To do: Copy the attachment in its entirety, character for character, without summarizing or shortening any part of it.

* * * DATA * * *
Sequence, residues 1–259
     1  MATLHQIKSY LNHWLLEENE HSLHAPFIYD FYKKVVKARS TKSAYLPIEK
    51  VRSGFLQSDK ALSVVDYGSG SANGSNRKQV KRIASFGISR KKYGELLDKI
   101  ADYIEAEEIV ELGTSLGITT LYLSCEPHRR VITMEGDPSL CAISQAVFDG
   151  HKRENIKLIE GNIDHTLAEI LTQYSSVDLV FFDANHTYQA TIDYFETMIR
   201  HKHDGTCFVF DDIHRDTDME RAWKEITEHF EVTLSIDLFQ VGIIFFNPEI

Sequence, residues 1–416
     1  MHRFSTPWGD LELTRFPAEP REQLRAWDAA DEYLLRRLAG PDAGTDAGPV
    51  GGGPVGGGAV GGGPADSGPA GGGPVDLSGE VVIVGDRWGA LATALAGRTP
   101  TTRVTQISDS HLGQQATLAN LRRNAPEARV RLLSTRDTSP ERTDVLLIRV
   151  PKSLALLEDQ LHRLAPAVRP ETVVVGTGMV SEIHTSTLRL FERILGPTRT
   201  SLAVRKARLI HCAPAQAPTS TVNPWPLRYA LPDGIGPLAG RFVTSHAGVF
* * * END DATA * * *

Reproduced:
Sequence, residues 1–259
     1  MATLHQIKSY LNHWLLEENE HSLHAPFIYD FYKKVVKARS TKSAYLPIEK
    51  VRSGFLQSDK ALSVVDYGSG SANGSNRKQV KRIASFGISR KKYGELLDKI
   101  ADYIEAEEIV ELGTSLGITT LYLSCEPHRR VITMEGDPSL CAISQAVFDG
   151  HKRENIKLIE GNIDHTLAEI LTQYSSVDLV FFDANHTYQA TIDYFETMIR
   201  HKHDGTCFVF DDIHRDTDME RAWKEITEHF EVTLSIDLFQ VGIIFFNPEI

Sequence, residues 1–416
     1  MHRFSTPWGD LELTRFPAEP REQLRAWDAA DEYLLRRLAG PDAGTDAGPV
    51  GGGPVGGGAV GGGPADSGPA GGGPVDLSGE VVIVGDRWGA LATALAGRTP
   101  TTRVTQISDS HLGQQATLAN LRRNAPEARV RLLSTRDTSP ERTDVLLIRV
   151  PKSLALLEDQ LHRLAPAVRP ETVVVGTGMV SEIHTSTLRL FERILGPTRT
   201  SLAVRKARLI HCAPAQAPTS TVNPWPLRYA LPDGIGPLAG RFVTSHAGVF